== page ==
Sun ranks high on list of targets

Oracle-PeopleSoft deal may only be the tip of the iceberg

Oakland Tribune Online – June 7, 2003

By Francine Brevetti, BUSINESS WRITER

Merger and acquisition activity will only increase in the wake of Oracle’s bid to acquire PeopleSoft, specialists said.

M&A brokers and investment bankers are predicting a host of board meetings across corporate America this weekend. Company directors will be trying “to decide whether their strategy of going it alone makes sense. As a result of increased discussion, there will be increased activity,” said Ron Lissak, managing partner of Catapult Advisors in San Francisco.

Investment bankers and M&A specialists were reluctant to speculate on the record which software company would be the next on the auction block. But the senior vice president of global software for research firm IDC, Tony Picardi, proffered his guesses on the next likely take-over targets.

While it’s been rumored that IBM might have designs on Sun Microsystems, attractive because Sun is the only stand-alone company left with its own operating system, it’s not clear that IBM could pull it off successfully.

“But you could see (Sun) getting split up between Hewlett-Packard and IBM,” Picardi suggested, with the hardware side going to HP.

He saw possibilities for Sun selling off its software side alone and that would arouse “a big play” for Java “that would be snapped up by IBM or BEA,” he said.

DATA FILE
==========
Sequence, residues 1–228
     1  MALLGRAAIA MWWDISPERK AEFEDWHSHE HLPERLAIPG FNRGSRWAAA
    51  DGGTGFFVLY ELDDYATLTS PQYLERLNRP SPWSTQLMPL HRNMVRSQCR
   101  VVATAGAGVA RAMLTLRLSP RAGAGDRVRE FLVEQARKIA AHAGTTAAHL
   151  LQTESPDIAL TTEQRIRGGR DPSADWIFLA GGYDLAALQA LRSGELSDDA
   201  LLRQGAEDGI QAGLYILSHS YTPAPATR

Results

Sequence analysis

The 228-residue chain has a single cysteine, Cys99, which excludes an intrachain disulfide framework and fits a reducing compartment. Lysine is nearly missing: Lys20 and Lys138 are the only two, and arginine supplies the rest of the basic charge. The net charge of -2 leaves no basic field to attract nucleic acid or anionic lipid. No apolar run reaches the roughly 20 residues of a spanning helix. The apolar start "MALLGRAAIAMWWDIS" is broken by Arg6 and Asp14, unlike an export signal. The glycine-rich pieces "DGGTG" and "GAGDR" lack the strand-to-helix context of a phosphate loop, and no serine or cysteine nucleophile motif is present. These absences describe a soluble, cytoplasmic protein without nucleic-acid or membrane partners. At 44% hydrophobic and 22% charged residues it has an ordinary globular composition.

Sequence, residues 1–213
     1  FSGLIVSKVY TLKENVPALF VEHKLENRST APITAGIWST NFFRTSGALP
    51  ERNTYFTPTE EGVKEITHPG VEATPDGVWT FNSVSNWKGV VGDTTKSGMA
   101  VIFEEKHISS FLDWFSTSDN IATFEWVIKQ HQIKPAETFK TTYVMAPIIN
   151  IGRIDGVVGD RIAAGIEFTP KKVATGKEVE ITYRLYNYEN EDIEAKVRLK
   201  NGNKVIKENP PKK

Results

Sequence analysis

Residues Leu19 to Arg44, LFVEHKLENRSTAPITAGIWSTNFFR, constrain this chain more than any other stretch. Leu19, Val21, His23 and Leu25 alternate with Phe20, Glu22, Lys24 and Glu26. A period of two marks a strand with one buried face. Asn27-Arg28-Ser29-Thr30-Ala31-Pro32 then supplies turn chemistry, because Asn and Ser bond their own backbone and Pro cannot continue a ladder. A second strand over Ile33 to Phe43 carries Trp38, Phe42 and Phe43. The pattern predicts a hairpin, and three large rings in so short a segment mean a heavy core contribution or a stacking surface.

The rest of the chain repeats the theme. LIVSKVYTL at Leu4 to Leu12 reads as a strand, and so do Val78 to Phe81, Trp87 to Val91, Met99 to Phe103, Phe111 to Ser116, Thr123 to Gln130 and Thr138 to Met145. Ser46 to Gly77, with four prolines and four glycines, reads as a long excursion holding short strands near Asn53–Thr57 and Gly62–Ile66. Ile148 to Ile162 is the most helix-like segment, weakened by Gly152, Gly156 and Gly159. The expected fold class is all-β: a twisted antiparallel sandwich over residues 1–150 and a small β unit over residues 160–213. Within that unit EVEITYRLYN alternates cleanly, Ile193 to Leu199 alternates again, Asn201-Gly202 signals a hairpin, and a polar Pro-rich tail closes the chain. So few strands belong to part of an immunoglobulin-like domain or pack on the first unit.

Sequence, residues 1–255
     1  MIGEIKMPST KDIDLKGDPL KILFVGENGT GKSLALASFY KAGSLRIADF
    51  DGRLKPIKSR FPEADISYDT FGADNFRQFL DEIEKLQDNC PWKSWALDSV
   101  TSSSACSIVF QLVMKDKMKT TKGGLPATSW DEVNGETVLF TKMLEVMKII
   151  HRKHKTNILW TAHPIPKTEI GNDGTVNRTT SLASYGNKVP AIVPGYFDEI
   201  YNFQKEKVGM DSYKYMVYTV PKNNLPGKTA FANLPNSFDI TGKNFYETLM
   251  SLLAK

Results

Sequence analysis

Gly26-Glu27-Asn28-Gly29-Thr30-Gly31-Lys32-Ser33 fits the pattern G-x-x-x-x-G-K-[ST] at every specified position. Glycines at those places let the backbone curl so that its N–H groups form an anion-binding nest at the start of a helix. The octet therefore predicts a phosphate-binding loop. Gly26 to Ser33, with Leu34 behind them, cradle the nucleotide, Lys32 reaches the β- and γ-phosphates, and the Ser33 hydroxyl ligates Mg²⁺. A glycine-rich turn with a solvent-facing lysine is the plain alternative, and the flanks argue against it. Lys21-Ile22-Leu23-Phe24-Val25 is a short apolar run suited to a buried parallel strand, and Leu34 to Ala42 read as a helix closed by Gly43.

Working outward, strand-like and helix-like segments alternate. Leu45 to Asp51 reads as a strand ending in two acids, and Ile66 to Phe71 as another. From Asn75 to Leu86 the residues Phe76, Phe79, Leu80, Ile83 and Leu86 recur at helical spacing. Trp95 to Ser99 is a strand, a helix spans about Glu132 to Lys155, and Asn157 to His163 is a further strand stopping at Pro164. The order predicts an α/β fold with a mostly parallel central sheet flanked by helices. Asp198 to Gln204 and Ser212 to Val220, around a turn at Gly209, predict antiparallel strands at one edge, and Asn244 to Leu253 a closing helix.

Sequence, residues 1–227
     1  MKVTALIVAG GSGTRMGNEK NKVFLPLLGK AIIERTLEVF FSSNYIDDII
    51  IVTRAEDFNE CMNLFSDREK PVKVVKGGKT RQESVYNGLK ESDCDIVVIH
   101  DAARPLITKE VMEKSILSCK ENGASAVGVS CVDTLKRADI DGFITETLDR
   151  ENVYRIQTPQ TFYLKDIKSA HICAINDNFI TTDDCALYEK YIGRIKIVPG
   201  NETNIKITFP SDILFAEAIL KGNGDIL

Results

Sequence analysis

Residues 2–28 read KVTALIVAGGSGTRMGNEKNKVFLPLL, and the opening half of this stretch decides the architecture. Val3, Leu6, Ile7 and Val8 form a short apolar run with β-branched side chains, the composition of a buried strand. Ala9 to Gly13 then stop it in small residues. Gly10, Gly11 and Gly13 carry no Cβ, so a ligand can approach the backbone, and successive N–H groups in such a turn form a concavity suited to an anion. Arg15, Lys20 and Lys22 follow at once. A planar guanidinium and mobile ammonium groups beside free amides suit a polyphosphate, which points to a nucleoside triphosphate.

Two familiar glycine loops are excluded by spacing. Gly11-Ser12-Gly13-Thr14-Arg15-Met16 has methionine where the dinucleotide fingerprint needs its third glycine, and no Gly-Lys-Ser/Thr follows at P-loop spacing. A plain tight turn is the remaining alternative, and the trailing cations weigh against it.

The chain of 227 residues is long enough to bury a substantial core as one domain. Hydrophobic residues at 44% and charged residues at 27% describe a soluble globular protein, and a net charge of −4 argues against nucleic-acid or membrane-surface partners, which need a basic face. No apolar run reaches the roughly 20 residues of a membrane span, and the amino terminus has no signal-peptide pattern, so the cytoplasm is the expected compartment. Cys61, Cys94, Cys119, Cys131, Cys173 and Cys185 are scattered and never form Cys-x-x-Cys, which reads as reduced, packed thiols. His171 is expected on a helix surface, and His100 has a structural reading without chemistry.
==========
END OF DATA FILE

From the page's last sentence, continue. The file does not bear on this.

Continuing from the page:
However, an investment banker said anonymously that while Sun is very vulnerable in some ways, its brass have already gone on record saying there’s no chance of a friendly deal.

“A hostile deal for Sun would be a very hard transaction and mean an erosion of shareholder value,” he stated.

Picardi’s sense of future possibilities included SAP acquiring the likes of Siebel, CRM or Ariba, all enterprise software companies.

“Ariba is the last one left standing” and untouched as yet by SAP, Oracle, PeopleSoft or Microsoft, Picardi observed.

But an M&A broker countered that SAP has “never made any acquisitions. They just don’t do it. Historically they’ve made money the old-fashioned way by figuring out what their customers want and making that. Which is what Oracle does. Which is why Oracle’s bid for PeopleSoft is out of character,” the broker said. “I wouldn’t be surprised Oracle is just blocking the JD Edwards merger.”

One company that may find itself sidelines is J.D. Edwards & Co., the business-software maker that agreed this week to be bought by rival PeopleSoft Inc., may be left in the lurch after Oracle Corp. offer.

PeopleSoft Monday agreed to pay $1.7 billion in a friendly deal with Denver-based J.D. Edwards.

J.D. Edwards’s union with PeopleSoft is now in jeopardy after Oracle said it would review the J.D. Edwards purchase. An independent J.D. Edwards would fall further behind market leader SAP AG and Oracle, and face increased competition in corporate orders for programs, analysts said.

“They’re probably just going to have to hang tight and see what happens,” Needham & Co. analyst Richard Davis said, referring to J.D. Edwards. “I don’t think Oracle even cares if J.D. Edwards gets bought by PeopleSoft. It’s not a threat to Oracle.”

Bloomberg News contributed to this report.